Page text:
The Human Phenotype Ontology (HPO) provides the following list of features that have been reported in people with this condition. Much of the information in the HPO comes from Orphanet, a European rare disease database. If available, the list includes a rough estimate of how common a feature is (its frequency). Frequencies are based on a specific study and may not be representative of all studies. You can use the MedlinePlus Medical Dictionary for definitions of the terms below.
|Signs and Symptoms||Approximate number of patients (when available)|
|Abnormality of the foramen magnum||-|
|Areflexia of upper limbs||-|
|Arnold-Chiari type I malformation||-|
|Autosomal dominant inheritance||-|
|Enlarged sagittal diameter of the cervical canal||-|
|Limb muscle weakness||-|
|Lower limb hyperreflexia||-|
|Lower limb spasticity||-|
Research helps us better understand diseases and can lead to advances in diagnosis and treatment. This section provides resources to help you learn about medical research and ways to get involved.
Nonprofit support and advocacy groups bring together patients, families, medical professionals, and researchers. These groups often raise awareness, provide support, and develop patient-centered information. Many are the driving force behind research for better treatments and possible cures. They can direct people to research, resources, and services. Many groups also have experts who serve as medical advisors. Visit their website or contact them to learn about the services they offer. Inclusion on this list is not an endorsement by GARD. Suggest an organization to add.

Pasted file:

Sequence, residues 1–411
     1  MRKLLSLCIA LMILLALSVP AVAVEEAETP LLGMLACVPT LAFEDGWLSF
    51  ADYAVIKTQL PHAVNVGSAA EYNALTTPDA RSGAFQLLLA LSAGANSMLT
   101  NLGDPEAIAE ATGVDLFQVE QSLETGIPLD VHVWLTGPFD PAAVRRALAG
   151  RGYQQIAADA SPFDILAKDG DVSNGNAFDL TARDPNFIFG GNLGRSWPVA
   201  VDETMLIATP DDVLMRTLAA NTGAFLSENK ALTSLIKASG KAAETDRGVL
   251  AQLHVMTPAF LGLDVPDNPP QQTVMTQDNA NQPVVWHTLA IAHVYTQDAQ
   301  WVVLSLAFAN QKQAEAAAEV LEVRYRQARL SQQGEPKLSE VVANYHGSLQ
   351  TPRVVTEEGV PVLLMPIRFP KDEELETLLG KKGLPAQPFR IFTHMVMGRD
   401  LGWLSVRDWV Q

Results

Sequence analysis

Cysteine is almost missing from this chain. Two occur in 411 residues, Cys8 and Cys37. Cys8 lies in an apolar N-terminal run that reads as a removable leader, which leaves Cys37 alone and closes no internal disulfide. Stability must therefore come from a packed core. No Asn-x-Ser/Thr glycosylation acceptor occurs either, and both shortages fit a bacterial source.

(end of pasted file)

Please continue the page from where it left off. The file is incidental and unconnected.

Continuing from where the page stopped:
Living with a genetic or rare disease can impact the daily lives of patients and families. These resources can help families navigate various aspects of living with a rare disease.
These resources provide more information about this condition or associated symptoms. The in-depth resources contain medical and scientific language that may be hard to understand. You may want to review these resources with a medical professional.
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My daughter was diagnosed with Chiari 1 malformation during childhood. Several years ago she was diagnosed with acute scoliosis and a fusion of 2 cervical vertebrae. Could it be possible that the Chiari is causing the scoliosis, even if there is no tethered cord or syringomyelia? Should she be checked for Klippel Feil syndrome? See answer
I have syringomyelia. My physician believes that it is congenital, not post-traumatic. What are the different types of syringomyelia and how are they diagnosed? See answer